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Buddhism and Addiction Recovery

Many people in recovery believe that addiction stems from a spiritual sickness. In attempt to overcome the spiritual aspect of the disease, many men and women turn to Buddhism. In fact, several recovery programs, such as Refuge Recovery, have begun using Buddhism and Buddhist principles as a means of achieving and maintaining sobriety.

The principles of Buddhism align with those of recovery and promote spiritual and personal development through meditation and other Buddhist practices. Refuge Recovery describes itself as “ a Buddhist-oriented path to freedom from addiction. This is an approach to recovery that understands: “All individuals have the power and potential to free themselves from the suffering that is caused by addiction.” We feel confident in the power of the Dharma, if applied, to relieve suffering of all kinds, including the suffering of addiction. This is a process that cultivates a path of awakening, the path of recovering from the addictions and delusions that have created so much suffering in our lives and in this world.”  

Refuge Recovery explains that they draw their inspiration from Siddhartha Gautama: “He referred to the root cause of suffering as ‘uncontrollable thirst or repetitive craving.’ This ‘thirst’ tends to arise in relation to pleasure, but it may also arise as a craving for unpleasant experiences to go away, or as an addiction to people, places, things, or experiences. This is the same thirst of the alcoholic, the same craving as the addict, and the same attachment as the codependent.”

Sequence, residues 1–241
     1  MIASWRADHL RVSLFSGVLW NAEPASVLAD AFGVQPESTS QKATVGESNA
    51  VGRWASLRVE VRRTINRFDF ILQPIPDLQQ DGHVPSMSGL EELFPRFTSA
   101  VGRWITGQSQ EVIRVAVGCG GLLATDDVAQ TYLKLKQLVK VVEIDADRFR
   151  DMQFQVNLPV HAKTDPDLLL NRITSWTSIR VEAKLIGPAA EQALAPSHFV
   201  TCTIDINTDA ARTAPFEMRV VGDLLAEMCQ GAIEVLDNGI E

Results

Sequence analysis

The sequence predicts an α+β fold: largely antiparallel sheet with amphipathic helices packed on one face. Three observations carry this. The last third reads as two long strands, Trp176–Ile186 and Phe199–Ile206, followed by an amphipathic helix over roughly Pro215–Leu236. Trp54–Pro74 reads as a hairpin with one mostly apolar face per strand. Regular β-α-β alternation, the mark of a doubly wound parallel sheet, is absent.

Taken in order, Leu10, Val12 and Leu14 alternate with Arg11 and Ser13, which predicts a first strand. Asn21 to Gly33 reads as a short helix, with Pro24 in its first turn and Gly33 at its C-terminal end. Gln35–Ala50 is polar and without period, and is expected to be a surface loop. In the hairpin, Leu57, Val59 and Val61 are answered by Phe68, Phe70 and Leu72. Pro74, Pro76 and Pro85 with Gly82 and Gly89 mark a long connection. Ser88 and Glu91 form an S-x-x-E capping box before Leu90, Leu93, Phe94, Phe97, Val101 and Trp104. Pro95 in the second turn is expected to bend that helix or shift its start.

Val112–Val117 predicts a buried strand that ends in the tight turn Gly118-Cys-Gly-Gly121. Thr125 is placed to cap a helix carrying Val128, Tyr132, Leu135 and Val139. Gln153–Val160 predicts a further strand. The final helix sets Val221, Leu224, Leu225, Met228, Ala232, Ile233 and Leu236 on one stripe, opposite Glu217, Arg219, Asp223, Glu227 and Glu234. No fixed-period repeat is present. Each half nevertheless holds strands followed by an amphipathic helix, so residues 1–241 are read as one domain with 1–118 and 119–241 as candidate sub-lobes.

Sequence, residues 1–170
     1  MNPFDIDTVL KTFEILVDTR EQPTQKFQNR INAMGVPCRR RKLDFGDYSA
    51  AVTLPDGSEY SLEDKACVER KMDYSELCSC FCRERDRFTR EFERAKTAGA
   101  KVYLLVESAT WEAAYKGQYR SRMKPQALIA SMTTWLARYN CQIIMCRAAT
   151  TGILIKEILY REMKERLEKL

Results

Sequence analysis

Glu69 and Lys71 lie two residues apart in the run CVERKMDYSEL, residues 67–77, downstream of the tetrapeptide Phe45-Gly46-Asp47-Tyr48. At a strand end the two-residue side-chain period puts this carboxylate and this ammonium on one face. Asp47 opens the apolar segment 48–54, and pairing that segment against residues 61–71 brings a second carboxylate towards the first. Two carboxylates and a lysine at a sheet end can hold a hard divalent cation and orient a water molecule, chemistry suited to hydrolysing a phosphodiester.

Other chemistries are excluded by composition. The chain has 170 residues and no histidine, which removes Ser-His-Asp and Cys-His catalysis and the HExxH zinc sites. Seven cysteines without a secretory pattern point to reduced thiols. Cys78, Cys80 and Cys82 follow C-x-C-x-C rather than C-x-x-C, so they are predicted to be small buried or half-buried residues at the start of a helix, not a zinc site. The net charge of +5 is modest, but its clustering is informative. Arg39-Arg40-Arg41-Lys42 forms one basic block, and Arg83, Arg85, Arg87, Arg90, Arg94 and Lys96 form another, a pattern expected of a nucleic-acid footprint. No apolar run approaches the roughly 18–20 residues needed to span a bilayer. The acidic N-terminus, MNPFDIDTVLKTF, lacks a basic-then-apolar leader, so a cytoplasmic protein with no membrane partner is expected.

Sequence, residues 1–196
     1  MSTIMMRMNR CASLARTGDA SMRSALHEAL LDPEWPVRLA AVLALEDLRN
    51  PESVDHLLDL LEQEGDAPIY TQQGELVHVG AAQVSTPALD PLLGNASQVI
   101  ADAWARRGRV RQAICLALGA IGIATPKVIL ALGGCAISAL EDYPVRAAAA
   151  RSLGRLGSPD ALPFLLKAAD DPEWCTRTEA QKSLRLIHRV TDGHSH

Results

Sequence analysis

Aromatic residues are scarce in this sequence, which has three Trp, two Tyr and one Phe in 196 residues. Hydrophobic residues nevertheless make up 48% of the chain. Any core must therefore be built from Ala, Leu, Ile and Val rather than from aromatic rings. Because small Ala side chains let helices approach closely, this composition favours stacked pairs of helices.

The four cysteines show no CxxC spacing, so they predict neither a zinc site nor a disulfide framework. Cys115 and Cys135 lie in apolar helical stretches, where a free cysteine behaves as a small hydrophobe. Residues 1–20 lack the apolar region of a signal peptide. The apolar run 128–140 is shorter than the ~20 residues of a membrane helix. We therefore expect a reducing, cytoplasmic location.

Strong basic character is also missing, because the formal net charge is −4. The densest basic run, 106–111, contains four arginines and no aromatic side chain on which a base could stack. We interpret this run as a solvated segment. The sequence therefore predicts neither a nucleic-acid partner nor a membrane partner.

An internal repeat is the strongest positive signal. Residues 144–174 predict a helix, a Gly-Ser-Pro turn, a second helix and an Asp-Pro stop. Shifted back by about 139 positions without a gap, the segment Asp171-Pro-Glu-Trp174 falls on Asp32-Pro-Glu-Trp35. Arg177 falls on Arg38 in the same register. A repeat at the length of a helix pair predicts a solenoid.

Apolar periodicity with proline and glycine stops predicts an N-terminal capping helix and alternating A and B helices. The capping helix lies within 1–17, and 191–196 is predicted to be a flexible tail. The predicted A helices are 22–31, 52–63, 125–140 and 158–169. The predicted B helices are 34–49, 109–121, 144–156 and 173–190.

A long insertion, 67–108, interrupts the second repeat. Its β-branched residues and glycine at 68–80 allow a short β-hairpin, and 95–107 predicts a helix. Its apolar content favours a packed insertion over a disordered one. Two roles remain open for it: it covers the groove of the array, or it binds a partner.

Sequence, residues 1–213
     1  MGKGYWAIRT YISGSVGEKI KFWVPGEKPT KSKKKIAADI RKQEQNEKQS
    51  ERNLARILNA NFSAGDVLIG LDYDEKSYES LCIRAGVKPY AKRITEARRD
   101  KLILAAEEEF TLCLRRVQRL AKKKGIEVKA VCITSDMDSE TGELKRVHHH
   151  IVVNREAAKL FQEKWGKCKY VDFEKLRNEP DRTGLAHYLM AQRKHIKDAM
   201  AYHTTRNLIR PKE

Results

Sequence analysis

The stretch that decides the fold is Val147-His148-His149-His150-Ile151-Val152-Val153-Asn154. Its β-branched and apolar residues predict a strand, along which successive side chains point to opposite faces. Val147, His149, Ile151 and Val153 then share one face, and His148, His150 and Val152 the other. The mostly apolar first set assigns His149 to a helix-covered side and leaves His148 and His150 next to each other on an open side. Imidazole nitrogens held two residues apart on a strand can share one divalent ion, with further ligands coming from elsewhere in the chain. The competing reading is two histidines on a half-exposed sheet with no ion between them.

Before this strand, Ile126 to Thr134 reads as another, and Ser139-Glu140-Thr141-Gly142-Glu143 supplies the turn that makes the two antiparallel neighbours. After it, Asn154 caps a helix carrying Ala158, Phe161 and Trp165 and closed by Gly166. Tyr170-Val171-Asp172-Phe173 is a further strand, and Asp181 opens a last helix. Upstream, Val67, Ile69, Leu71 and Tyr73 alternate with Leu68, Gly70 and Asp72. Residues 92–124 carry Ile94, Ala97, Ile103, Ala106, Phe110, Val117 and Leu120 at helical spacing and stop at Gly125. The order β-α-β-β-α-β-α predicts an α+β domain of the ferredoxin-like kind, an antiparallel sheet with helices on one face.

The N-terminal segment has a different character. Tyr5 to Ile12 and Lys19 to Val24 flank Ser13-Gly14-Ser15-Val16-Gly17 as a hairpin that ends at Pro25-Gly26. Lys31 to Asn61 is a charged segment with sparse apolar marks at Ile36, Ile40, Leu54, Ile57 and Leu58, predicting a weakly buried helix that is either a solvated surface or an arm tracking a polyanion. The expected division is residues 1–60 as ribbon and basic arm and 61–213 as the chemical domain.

The Buddhist approach to recovery may view addiction as a form of unhealthy attachment. Michael J. Formica, in a 2008 Psychology Today article entitled Addiction: A Zen Perspective, explains, “From a Buddhist perspective, addiction might be considered the archetype of attachment. Addiction is, in fact, a collection of attachments. It is attachment to fear, attachment to loss, and attachment to longing, emptiness, and a lack of a sense of purpose. Whether we choose alcohol, drugs, sex, food, pornography, exercise or even shopping, we are simply employing the means serving the compulsion to fill a space and dampen our pain. The means does not matter; that is simply a gesture. The compulsion is the crux of it, and that compulsion is not so much to drink, or do drugs, or to spend; that compulsion, ultimately, is to fill that space.” Through utilizing Buddhist philosophy and practices, it is possible to let go of these unhealthy attachments and desires as a way of overcoming addiction.

Your life can become one of peace and serenity in sobriety. You can embark upon the rewarding journey of recovery by making the decision to seek help now. Resilient House, located in beautiful Shreveport, Louisiana, offers a hybrid approach to treatment that utilizes the highest quality behavioral health and addiction specialists, spiritual guides, and holistic experts to help you develop all the tools necessary to live a fulfilling life in sobriety. For information about treatment options, please call today: (833) 242-6431